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vxfsio - VxFS file system control functions


cc -I /opt/VRTS/include -L /opt/VRTS/lib
-l vxfsutil -ldl

cc -I /opt/VRTSvxfs/include -L /opt/VRTSvxfs/lib/sparcv9
-l vxfsutil -ldl

#include <sys/types.h>
#include <sys/fs/vx_ioctl.h>

int ioctl (int fildes, int cmd, arg);




The VxFS ioctl(2) enhancements provide extended control for open files.

The requirements for direct I/O are as follows:

If the I/O is performed using the readv(2) and writev(2) system calls, these restrictions apply to each element of the array of struct iovec.

The argument fildes is an open file descriptor. The data type and value of arg are specific to the type of command specified by cmd.

The symbolic names for commands and file status flags are defined by the sys/fs/vx_ioctl.h header file. The available VxFS ioctls are:

The VX_GETFSOPT ioctl returns a zero if the file system options are successfully obtained. If the operation fails, the return value is -1 and the external variable errno is a general DIAGNOSTIC.


Gets the I/O parameters for optimized application I/O. The argument arg points to a structure of type vx_ioparameters as defined in sys/fs/vxio.h. The optimal I/O request sizes for applications using direct or discovered direct I/O are returned in this structure. Applications using buffered I/O must use a multiple of the st_blksize value returned by stat for their I/O requests. The VX_GET_IOPARAMETERS ioctl returns a zero if the parameters are successfully obtained. If the operation fails, the return value is -1 and the external variable errno is a general DIAGNOSTIC.

The fields in the vx_ioparameters structure are:

unsigned vi_read_preferred_io; /* preferred read size in bytes */

unsigned vi_read_nstream; /* num of preferred reads to stream */

unsigned vi_read_unit_io; /* less preferred read size in bytes */

unsigned vi_write_preferred_io; /* preferred write size in bytes */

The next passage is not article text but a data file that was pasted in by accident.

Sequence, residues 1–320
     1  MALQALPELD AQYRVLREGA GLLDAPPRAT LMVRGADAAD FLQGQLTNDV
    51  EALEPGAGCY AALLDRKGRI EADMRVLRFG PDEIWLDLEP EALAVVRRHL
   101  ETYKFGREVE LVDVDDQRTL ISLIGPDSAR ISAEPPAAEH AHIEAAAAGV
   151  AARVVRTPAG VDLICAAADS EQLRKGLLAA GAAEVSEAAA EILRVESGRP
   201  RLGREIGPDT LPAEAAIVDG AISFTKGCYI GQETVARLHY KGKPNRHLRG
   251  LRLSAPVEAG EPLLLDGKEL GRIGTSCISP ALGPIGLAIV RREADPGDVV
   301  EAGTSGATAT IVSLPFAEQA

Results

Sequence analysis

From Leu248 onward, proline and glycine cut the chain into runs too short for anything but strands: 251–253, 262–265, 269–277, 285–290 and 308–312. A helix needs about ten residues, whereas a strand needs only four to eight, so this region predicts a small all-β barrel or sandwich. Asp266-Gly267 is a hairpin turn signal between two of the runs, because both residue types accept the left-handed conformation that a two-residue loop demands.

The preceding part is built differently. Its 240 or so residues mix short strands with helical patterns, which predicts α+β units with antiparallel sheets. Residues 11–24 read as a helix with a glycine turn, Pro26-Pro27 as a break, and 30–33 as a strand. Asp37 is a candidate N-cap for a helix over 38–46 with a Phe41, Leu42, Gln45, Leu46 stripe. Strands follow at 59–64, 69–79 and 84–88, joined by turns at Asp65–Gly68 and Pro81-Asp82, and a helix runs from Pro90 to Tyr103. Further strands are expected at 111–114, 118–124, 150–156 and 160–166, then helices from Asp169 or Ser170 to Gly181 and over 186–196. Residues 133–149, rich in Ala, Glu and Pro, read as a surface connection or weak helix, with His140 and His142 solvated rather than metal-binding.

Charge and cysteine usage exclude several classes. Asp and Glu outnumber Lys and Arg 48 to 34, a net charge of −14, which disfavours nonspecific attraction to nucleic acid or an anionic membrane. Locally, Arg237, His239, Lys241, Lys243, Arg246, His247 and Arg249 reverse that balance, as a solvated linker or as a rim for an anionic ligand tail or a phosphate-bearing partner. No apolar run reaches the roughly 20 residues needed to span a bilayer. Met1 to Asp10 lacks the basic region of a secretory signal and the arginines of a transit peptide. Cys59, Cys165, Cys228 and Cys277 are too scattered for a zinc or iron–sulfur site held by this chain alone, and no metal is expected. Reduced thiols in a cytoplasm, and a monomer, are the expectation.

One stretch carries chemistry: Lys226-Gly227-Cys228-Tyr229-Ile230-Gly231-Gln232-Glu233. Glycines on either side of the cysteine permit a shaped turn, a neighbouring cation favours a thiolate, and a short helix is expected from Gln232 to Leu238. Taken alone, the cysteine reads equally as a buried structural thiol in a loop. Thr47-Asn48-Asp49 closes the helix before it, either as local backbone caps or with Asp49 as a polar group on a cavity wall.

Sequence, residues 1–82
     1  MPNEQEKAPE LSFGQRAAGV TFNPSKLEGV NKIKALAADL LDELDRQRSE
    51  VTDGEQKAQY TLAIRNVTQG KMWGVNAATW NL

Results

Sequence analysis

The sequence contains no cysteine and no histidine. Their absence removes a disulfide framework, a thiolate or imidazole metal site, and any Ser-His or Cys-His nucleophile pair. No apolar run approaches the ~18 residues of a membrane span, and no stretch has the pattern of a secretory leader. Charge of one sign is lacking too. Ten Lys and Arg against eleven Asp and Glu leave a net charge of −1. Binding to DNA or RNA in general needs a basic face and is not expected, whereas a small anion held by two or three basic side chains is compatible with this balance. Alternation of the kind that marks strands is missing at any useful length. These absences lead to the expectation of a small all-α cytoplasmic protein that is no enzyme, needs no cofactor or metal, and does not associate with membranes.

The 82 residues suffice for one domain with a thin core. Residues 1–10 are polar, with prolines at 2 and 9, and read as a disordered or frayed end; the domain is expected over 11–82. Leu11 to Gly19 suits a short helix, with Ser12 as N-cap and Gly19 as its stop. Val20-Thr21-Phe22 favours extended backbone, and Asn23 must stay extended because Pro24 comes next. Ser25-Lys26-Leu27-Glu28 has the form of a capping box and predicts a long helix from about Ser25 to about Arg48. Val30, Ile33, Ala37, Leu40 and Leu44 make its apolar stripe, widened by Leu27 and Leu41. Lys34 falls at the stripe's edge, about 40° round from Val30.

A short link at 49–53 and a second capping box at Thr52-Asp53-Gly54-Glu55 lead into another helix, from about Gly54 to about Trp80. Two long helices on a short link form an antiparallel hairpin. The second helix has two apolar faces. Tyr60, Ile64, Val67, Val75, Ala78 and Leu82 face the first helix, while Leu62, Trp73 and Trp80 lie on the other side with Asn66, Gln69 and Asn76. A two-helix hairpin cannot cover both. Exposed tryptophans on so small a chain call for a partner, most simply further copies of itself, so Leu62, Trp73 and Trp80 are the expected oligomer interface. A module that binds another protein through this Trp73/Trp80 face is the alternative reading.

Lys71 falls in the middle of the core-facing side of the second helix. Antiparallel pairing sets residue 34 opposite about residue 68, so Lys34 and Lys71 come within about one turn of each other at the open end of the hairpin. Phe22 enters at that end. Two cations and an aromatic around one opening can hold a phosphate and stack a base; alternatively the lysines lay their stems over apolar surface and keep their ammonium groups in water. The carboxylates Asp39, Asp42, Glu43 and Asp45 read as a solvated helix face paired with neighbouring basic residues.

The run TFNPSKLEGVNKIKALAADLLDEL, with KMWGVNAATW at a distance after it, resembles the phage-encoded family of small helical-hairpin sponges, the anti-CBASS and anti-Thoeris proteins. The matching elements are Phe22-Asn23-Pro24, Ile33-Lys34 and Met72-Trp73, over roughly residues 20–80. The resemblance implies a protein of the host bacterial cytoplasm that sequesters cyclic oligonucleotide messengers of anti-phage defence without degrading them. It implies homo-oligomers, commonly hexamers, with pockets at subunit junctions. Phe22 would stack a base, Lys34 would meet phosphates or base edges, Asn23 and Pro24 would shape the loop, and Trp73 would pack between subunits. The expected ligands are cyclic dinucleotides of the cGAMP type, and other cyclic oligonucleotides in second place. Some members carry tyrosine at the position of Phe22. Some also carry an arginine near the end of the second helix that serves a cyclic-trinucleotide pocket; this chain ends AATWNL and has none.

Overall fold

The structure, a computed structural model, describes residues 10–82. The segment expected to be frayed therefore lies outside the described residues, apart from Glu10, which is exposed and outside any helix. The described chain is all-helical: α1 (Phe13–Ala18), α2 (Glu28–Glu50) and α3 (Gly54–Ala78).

unsigned vi_write_nstream; /* num of preferred writes to stream */

unsigned vi_write_unit_io; /* less preferred write size in bytes */

unsigned vi_pref_strength; /* strength of preferences */

unsigned vi_breakup_size; /* I/O breakup size in bytes */

unsigned vi_align_offset; /* adj for alignment calculations */

dev_t vi_block_device; /* bdev number for this cdev */

For an application to do the most efficient direct I/O or discovered direct I/O, read requests should be equal to the product of vi_read_nstream multiplied by vi_read_preferred_io. In general, any multiple or factor of vi_read_nstream multiplied by vi_read_preferred_io is a size for good performance. For writing, the same formula applies to the vi_write_preferred_io and vi_write_nstream parameters.

If an application is doing sequential I/O to large files, it issues a request larger than the discovered direct I/O size for the file system. This causes the I/O requests to be performed as discovered direct I/O requests (which are unbuffered like direct I/O but do not require synchronous inode updates when extending the file). If the file is larger than the cache size, use unbuffered I/O to reduce CPU overhead and to removing useful data from the cache. See the vxtunefs(1M) manual page for more information on discovered direct I/O.


Operation failures can return any of the following values in errno:


The calling process does not have write access to the file specified by fildes.


The file system is not currently frozen.


The fildes argument is not a valid file descriptor open for writing.


An address specified by an argument is invalid.


An attempt was made to reserve space larger than the maximum file size limit for this process.


The command or argument is invalid.


An I/O error occurred while attempting to perform the operation.


The file specified by fildes is not the root directory of a VxFS file system.


Requested space could not be obtained.


The process does not have appropriate privilege.


The file system is mounted read-only.


The VX_FREEZE timeout expired before this call.


In some cases, fsadm may reorganize the extent map of a file in such a way as to make it less contiguous. However, it does not change the geometry of a file that has a fixed extent size.


fsadm_vxfs(1M), vxtunefs(1M), fcntl(2), getrlimit(2), ioctl(2), ulimit(2)